Since the 1940 US Census went online April 2, 2012, I’ve indexed over 22 batches from 8 states. My accuracy score is 97%. If you’re not familiar with how indexing works, it’s fairly simple. Two people index the same image. If they agree, everything goes through just fine. If they disagree, an arbitrator steps in to break the tie.
I think my score would be higher if the arbitrators followed directions. One of the rules is “type what is written.” One arbitrator changed about 30 entries in one batch from “Same Place” to the name of the county where the people lived in 1935. Needless to say that sent my accuracy score plummeting.
Another rule is if the spelling of a city, county, or country is wrong, correct it. I have done that, but I have also been overridden by an arbitrator who did not bother to check for correct spelling. Score dropped again.
But I’m not venting. The score is not why I index.
I index because Somebody indexed 1810-1930. I index because there is Somebody who cares about the 24-year old widow in Mississippi washing and ironing other people’s clothes in order to support 3 children. I index for the Somebody searching for the father of their Kansas ancestor whose siblings all have different last names. I index for the grave diggers, saw mill laborers, handy-men, and truck farmers who led small lives full of dignity.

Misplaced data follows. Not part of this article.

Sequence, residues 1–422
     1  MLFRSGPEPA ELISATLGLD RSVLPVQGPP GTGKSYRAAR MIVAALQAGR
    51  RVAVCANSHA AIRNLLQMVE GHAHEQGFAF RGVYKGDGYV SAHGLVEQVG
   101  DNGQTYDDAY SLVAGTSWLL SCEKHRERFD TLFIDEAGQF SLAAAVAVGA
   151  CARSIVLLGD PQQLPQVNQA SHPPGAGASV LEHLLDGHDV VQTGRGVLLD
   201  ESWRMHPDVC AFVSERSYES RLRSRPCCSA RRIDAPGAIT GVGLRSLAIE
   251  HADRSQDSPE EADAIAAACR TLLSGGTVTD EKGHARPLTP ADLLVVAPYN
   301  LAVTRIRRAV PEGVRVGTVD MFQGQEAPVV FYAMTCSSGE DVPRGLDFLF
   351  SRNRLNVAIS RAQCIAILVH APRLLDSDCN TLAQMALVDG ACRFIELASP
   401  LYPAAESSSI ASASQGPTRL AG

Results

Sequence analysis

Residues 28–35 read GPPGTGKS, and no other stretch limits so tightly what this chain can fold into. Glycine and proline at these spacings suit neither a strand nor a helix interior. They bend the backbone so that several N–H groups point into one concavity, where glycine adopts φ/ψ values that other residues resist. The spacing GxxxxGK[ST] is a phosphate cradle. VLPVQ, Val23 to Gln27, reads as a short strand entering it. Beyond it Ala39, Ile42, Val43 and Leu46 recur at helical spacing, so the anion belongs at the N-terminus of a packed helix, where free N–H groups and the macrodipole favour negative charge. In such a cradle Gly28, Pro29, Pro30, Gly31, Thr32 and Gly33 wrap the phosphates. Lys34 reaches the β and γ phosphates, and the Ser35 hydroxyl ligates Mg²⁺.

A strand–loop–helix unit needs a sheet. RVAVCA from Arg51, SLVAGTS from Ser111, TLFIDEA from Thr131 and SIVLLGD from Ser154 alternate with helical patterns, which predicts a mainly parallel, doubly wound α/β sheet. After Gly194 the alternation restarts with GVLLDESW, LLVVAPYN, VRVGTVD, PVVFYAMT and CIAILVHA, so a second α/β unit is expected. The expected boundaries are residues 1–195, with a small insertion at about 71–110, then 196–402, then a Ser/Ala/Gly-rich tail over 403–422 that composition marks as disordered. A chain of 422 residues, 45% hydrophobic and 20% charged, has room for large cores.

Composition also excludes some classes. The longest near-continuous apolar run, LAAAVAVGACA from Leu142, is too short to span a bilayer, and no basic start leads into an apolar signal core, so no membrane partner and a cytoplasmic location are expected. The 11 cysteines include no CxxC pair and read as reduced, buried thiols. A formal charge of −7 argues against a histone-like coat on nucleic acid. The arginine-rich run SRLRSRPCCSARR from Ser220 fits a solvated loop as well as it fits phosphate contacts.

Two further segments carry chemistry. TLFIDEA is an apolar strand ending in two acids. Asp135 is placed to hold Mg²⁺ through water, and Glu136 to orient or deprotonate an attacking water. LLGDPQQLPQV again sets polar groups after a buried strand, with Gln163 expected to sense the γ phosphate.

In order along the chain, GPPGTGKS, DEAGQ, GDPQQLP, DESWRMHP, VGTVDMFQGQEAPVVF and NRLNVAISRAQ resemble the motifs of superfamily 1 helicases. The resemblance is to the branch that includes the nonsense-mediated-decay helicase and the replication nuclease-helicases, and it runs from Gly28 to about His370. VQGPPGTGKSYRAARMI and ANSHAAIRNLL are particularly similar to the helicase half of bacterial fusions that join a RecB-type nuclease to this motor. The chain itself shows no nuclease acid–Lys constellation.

And I admit it -- I index hoping for a hint at a juicy story or at least an interesting surprise. Today it finally happened in a batch from Sarasota, Florida. Among the lawyers, bankers, real estate salesmen, managers of department stores and restaurants, there was a professional baseball player. YAY – my first “famous” person. Roy H. Spencer, his wife Anita, a daughter and his mother-in-law were there on Oak Street among the white-collar well-to-do.
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I Googled Roy H. (Hampton) Spencer. He was a catcher for the Pittsburgh Pirates when they won the World Series in 1925, and he had also played with the Cleveland Indians, Washington Senators, New York Giants, and Brooklyn Dodgers where he finished his career. I found a baseball card for 75 cents (aww – that’s sad) and an autograph for $106. Pretty cool, eh?
If you haven’t already signed up to help index, it’s not too late. Start at the 1940 US CensusCommunity Project website. The sooner we finish, the sooner an index will be available for all of us to find that illusive ancestor more easily. In the meantime, enjoy this interactive map that shows the progress of indexing state by state.
DISCLAIMER: As part of the1940census.com ambassador program this blog post enters me into a drawing for an Amazon Kindle Fire.